The Week in Entertainment
DVD: A couple more The Girl From UNCLE eps. And a few from a rather good German series called Marie Brand (aka Marie's Mind For Murder), about a fiftyish detective pulled back into working homicide (from burglary); her new partner is a younger cop who doesn't value her at first, but soon learns she's got her own way of looking at things - and that they actually make a good team. It's well done, and Köln is a new setting, and an attractive one.
TV: The Mentalist continues to offer up good episodes. I'm now sorry this is its last season. The Middle was a little predictable (of course no one would notice that Frankie wasn't on the train!) but good. Modern Family was amusing. Grimm continues interesting, though I think Juliet doesn't really need to hide from Nick. Cutting off his head doesn't seem to be his first instinct when it comes to Sean Renard, after all, and he's not in love with him. Also, Juliet is going to find being a hexenbeast useful, I think, especially if the Wessen Council keeps coming after Nick.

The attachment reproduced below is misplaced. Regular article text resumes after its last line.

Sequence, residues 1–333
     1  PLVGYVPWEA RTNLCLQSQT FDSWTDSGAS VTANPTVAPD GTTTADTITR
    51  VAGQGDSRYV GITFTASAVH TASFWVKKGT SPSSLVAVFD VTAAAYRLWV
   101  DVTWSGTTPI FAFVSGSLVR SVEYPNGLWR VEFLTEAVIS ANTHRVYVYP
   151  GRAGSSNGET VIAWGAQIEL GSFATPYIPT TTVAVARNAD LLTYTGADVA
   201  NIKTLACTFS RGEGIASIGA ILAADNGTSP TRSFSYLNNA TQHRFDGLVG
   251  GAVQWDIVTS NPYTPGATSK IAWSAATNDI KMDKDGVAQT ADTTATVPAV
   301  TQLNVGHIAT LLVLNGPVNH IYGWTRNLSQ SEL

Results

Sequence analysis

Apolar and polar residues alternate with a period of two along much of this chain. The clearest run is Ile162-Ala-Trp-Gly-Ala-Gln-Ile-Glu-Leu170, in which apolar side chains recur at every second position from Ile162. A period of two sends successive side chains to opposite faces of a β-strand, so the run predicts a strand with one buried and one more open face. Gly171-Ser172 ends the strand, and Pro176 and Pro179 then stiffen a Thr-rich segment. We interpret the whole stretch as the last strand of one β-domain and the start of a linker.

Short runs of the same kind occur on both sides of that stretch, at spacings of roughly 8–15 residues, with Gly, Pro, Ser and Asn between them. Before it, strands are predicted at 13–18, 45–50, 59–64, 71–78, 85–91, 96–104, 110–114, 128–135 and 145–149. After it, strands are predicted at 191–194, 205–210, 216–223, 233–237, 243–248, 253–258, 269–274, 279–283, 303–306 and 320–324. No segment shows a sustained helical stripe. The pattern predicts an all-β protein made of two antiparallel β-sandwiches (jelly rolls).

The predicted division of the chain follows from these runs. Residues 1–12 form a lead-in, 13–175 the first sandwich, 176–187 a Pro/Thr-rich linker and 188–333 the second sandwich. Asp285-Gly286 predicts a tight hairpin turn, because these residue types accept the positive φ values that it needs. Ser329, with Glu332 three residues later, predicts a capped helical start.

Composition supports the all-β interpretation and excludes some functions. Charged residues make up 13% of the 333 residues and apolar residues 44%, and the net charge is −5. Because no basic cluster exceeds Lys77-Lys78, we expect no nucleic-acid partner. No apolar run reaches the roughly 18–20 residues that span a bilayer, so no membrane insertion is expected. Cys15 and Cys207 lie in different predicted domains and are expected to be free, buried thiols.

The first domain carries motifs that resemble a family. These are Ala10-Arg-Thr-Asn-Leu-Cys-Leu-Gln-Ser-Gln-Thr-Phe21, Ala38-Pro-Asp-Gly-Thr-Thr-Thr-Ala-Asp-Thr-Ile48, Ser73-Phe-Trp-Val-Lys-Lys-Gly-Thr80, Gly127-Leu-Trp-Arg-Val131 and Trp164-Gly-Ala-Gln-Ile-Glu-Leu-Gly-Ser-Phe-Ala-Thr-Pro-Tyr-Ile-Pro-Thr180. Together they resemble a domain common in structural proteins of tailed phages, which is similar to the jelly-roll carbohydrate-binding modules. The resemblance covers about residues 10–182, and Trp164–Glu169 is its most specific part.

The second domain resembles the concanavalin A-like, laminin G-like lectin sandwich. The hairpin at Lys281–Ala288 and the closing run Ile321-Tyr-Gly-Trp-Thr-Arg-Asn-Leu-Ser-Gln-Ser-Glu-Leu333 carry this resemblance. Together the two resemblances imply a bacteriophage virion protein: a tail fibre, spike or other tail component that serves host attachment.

Read: Two excellent YAs, Stranger and Hostage, part of a series called The Change, set in a future dystopia that's filled with odd animals (squirrels that can teleport food away from you, rabbits that can mentally hide themselves, horses with prehensile tails...) and people who have Changed - in many various ways. One thing that's nice about the world is the sense of hope that fills it - the people of Las Anclas are building a better world, or trying to, and there's love and community. Another thing is that the POV characters are not your standard teens, they're black and Asian and some of them are - gasp! - gay. Nothing graphic, but there is kissing and plenty of references to married couples who are gay, too. The books are great and I'm really looking forward to the next one.The Great Beckleswaithe Mystery, written in 1896, about a man murdered by a tiny bomb hidden in a chocolate. The author's notions of Russian anarchists were probably accurate for the time, but fortunately we didn't ever meet any. Another, The House by the Common, from 1891, which was probably quite innovative for its day though it was quite obvious to me what was going on. The detective, young Mr. George Up-to-date, as he was called, was a bit annoying, but the book wasn't bad.